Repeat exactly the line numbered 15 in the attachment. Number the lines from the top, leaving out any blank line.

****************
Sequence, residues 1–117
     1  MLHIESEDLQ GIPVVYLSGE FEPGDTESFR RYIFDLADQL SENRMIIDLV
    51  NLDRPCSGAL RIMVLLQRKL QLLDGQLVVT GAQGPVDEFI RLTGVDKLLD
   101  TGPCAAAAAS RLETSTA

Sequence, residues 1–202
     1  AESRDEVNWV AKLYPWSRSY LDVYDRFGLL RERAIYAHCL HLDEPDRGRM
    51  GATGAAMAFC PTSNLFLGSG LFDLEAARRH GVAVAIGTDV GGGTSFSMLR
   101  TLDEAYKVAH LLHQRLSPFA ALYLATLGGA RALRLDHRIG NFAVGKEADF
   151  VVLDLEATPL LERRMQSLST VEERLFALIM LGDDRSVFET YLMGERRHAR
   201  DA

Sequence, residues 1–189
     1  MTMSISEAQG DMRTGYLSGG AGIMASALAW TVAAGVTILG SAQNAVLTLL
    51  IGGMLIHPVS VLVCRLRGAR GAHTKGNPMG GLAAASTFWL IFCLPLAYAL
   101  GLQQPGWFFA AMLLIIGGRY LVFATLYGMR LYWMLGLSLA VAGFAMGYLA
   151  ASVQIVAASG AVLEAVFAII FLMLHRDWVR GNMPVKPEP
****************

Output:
   151  ASVQIVAASG AVLEAVFAII FLMLHRDWVR GNMPVKPEP